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Opinion: Bill would mandate independent probe in fatal police shootings

A southeastern Pennsylvanian legislator is citing the state police killing in Monroe County in December 2020 as one of the reasons why he believes that independent investigations of police-related shootings should be mandatory.

State Sen. Art Haywood, D-Montgomery-Philadelphia, along with 10 co-sponsors, introduced the bill, which has been assigned to the Senate Law and Justice Committee.

Regrettably, I do not hold out much hope that the bill, as so many others which die a slow death in committee, will ever see the light of day. I would be amazed if it even comes to a committee or full House vote. The main reason is that it is opposed by the state police and by many local police departments.

In citing the state police shooting and killing of Christian Hall in Monroe County, along with several other police-related killings in Pennsylvania, Haywood believes that it is time to make our criminal justice system truly impartial. Haywood maintains that because of these killings and the controversy that they have spawned, the public questions police investigations of their own officers. These deaths, Haywood said, have shown that in some cases “there is the appearance of conflicts of interest in the investigation that can lead the public to believe that justice is not being dispensed fairly.”

Asserting that public trust in law enforcement is fundamental and a cornerstone of our criminal justice system, Haywood said, “Our criminal justice system is meant to be impartial.”

There have been previous efforts to shift the investigation from police and into independent hands, but none of these proposals or legislation has been successful.

For example, the Pennsylvania State Law Enforcement Citizen Advisory Commission called for such a change six years ago after state police shot a man in Beaver County. The Beaver district attorney later ruled that the trooper’s actions in the shooting were justified based on the state police investigation.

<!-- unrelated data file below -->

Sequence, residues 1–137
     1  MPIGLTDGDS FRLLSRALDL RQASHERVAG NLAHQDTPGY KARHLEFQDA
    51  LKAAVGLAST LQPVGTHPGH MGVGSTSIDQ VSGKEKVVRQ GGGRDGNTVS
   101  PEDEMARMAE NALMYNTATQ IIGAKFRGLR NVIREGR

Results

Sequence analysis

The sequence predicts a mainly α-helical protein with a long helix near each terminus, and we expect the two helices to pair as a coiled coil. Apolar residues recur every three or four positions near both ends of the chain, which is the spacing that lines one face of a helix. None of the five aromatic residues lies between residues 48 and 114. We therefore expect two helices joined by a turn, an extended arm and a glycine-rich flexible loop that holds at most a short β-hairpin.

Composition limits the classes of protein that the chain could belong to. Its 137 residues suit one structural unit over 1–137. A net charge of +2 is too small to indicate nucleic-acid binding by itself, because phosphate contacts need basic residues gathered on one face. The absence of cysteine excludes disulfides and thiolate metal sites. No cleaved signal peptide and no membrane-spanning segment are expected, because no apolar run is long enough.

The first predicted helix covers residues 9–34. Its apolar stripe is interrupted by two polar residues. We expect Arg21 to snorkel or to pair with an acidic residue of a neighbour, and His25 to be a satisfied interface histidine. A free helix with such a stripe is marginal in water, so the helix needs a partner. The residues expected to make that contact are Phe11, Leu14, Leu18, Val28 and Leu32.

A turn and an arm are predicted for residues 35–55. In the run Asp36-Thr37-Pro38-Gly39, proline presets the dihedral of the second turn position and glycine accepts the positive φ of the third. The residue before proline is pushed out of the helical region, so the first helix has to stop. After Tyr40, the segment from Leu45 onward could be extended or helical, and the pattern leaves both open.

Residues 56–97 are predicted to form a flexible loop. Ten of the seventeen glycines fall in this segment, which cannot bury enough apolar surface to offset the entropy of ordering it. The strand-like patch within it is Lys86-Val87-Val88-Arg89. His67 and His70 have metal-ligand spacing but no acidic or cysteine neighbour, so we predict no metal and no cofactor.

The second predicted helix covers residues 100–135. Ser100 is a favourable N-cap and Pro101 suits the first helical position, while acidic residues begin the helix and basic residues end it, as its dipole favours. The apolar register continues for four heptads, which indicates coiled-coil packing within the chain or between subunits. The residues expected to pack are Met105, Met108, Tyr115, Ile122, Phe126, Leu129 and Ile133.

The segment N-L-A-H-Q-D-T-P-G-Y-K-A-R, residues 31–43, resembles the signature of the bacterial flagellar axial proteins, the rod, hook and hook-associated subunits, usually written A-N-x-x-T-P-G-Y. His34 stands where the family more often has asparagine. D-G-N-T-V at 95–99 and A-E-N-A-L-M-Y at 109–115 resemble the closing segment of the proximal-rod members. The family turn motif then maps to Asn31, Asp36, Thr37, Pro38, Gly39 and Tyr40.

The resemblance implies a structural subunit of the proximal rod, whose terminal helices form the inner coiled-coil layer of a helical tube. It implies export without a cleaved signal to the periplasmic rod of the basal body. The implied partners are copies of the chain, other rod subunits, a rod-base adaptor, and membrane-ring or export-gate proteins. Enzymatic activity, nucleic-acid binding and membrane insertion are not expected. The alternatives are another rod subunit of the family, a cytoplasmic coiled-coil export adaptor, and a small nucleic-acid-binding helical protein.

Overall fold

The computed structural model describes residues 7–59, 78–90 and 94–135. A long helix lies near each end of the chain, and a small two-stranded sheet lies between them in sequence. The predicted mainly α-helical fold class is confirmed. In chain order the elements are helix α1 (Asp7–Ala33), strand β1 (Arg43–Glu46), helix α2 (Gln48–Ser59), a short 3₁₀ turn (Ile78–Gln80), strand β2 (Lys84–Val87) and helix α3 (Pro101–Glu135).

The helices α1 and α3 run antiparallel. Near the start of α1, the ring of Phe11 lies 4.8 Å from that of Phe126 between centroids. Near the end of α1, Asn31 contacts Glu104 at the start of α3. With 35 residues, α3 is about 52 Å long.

Gov. Tom Wolf created the advisory panel after the murder of George Floyd in Minneapolis in 2020 and authorized the group to review state-police-conducted investigations after all criminal and civil cases are completed. Because it is “advisory,” its powers are limited, some have even contended as “a sham.”

Haywood said his bill would require that district attorneys, not the police department where the killing happened, conduct investigations into any police involved killing. “This ensures the police department being investigated for deadly force will not conduct the criminal investigation of its own officers.”

In the Monroe case, Hall, an adopted 19-year-old Chinese American who was suffering from depression and who experienced a mental health emergency, was shot and killed by Pennsylvania State Police about 18 months ago.

Although Hall was armed, and police said they feared for their lives, subsequent video evidence showed that Hall was shot and killed while his hands were in the air. He was carrying a gun, but when he was shot, he was not threatening police. The gun was in an outstretched hand to his side. The pellet gun he was carrying was made to look like a semi-automatic pistol, but the state police did not know this until the incident came to its untimely and violent end.

Hall, who lived in Stroudsburg with his multiethnic parents, Fe and Gareth Hall, stopped his car on a Route 33/Interstate 80 overpass in Hamilton Township about 6 miles northwest of Stroudsburg.

State police in their official report said that Hall pointed the weapon at police, but his parents said this statement is inaccurate and that he was actually trying to surrender when he was shot and killed. The video appears to agree with this version. Through their attorney, the Halls have called for an independent investigation into the circumstances leading up to their son’s death.

At first, it appeared as if the case was going to be concluded in March 2021 with a ruling by the Monroe County District Attorney’s office as a justified shooting, but then several months later a video from the police’s body camera was released which tells a different story.

State troopers from outside the Stroudsburg barracks were called to investigate the shooting and turned their findings over to Monroe District Attorney E. David Christine Jr., who made the ruling that the shooting was justified given the circumstances of the facts determined in the investigation. Hall’s parents asked Christine to refer the case to the office of Attorney General Josh Shapiro, but Christine declined. The parents have filed a federal civil suit against the state police, the DA’s office and the County of Monroe.

The other cases cited in Haywood’s bill include Ricardo Munoz in Lancaster and Antwom Rose II near Pittsburgh, both killed by local police officers during incidents in their respective communities.

In cases such as the Hall shooting and killing and the other two, which are ultimately found to be lawful, the public often finds the decisions to be suspect, and when this happens it loses trust and respect for the police.

By Bruce Frassinelli | tneditor@tnonline.com

The foregoing opinions do not necessarily reflect the views of the Editorial Board or Times News LLC.